Through classroom lecture, homework assignments, and coursework reviews, students gain a comprehensive knowledge of diesel theory and welding theory, while they develop critical mathematical, writing, and customer relation skills necessary for success in today’s diesel technology job field. Class sizes are small, averaging about 20 students per semester, allowing students to receive more one-on-one training with the instructor.

In the laboratory, students develop their analytical, technical, and mechanical skills, through instructor observation and hands-on training, as they learn how to properly inspect, troubleshoot, and repair diesel engines, diesel engine electronics, diesel and heavy equipment electronic systems, hydraulic brake systems, truck drive trains, diesel electrical systems, suspension and steering systems, and transportation heating, ventilation and air conditioning systems. Students also learn proper preventive maintenance techniques and welding techniques for diesel mechanics. 

In the Live Engine Room, students use the latest computerized diagnostic equipment, technical manuals, wiring diagrams, hand tools, and power tools to learn, hands-on, about diesel engine overhaul by disassembling, inspecting, diagnosing, repairing, and reassembling various stationary diesel engines, including their integrated system components.

Students will also develop the strong communication, leadership, and time management skills critical to succeeding in today’s workplace, as they learn to complete each and every task assigned to them by their instructors, both independently, and as a team, with speed and proficiency. Professionalism, integrity, and a positive workplace attitude are also stressed throughout the Diesel Technology program at the University of Northwestern Ohio.

From Graduation to Occupation

As the diesel industry continues to grow rapidly, job opportunities for qualified diesel mechanics is expected to increase 11% by the year 2020, as fast as average, according to the Bureau of Labor Statistics. The mean annual wage for bus and truck mechanics and diesel engine specialists working in the United States in 2014 was $45,160, while the mean salary for bus and truck mechanics and diesel engine specialists employed in the state of Ohio was $43,610 yearly and $20.97 hourly, just 3% lower than the national average.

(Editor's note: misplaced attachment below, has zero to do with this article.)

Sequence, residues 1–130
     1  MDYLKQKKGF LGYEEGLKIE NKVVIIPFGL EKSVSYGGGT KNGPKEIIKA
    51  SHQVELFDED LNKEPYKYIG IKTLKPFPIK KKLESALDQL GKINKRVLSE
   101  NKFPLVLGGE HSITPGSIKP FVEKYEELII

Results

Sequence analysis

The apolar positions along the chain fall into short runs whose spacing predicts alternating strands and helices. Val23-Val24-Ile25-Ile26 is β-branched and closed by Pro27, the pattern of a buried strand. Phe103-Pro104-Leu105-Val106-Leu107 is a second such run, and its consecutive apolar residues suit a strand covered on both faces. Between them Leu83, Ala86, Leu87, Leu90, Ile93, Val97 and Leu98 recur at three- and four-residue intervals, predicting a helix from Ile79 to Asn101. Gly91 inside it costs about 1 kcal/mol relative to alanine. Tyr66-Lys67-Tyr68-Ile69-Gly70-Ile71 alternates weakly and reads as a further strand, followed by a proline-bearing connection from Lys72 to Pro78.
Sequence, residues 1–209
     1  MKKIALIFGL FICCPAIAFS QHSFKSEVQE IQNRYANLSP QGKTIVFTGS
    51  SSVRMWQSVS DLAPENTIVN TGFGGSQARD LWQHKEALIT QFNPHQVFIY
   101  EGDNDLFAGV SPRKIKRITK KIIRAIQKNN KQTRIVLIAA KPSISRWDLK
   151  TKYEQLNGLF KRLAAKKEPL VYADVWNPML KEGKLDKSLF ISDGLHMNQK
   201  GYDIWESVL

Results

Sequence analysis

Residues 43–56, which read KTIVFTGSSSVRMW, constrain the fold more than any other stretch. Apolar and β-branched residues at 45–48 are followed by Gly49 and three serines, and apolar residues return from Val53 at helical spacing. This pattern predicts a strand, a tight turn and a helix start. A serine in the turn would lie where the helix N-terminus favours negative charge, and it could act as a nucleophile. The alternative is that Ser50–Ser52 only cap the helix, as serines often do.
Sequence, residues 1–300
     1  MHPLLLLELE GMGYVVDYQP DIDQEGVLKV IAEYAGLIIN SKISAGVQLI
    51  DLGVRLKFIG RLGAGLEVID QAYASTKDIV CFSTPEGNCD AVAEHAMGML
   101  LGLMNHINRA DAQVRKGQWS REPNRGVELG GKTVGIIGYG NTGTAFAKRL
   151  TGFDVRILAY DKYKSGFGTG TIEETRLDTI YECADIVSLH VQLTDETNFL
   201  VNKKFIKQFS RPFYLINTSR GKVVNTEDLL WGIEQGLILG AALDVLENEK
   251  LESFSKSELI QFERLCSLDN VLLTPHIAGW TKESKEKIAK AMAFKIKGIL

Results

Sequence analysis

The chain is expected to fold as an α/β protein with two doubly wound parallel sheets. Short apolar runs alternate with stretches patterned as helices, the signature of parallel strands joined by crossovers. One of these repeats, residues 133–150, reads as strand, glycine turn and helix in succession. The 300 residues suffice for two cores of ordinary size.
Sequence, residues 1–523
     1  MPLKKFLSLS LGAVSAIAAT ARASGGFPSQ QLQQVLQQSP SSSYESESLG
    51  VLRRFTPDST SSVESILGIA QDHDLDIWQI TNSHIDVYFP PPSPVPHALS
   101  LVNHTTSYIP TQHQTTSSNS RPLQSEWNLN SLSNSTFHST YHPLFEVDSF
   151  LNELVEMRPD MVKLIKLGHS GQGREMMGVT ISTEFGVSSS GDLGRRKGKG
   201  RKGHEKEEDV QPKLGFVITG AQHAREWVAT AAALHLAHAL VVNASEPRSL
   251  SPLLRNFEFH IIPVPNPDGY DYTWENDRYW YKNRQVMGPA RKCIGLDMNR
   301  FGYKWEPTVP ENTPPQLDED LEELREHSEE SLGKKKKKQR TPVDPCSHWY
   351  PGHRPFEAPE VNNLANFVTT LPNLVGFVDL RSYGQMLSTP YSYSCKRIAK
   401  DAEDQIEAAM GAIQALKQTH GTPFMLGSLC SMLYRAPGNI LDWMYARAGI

Upon graduating from the Diesel Technology program at the University of Northwestern Ohio, students will be prepared for entry-level employment as qualified diesel mechanics, servicing and repairing heavy equipment, such as medium and heavy-duty tractor trailers, buses, earth moving equipment, agricultural equipment, diesel locomotives, and other diesel-powered vehicles and equipment.

The Associate of Applied Science Degree, Baccalaureate Degree, and Diesel Technology Diploma

The University of Northwestern Ohio also offers a two-year Associate of Applied Science Degree in Diesel Technology and a two-year Applied Science Degree in Automotive-Diesel Technology. The University of Northwestern Ohio offers a two-year Baccalaureate Degree in Diesel Technology with a concentration in Automotive Technology Supervision for students who have already completed the two-year Diesel Technology Associate of Applied Science Degree program. Finally, the University of Northwestern Ohio offers a 72-week Diesel Technology Diploma with a Diesel Technician concentration, a 102-week Diesel Technology Diploma with a Automotive-Diesel Technician concentration, and a 22-month Diesel Technology Diploma with a Alternative Fuels Technician concentration. All six programs are Pell Grant eligible. 

*Program is certified by the National Institute for Automotive Service Excellence (ASE) and accredited by the National Automotive Technicians Education Foundation (NATEF).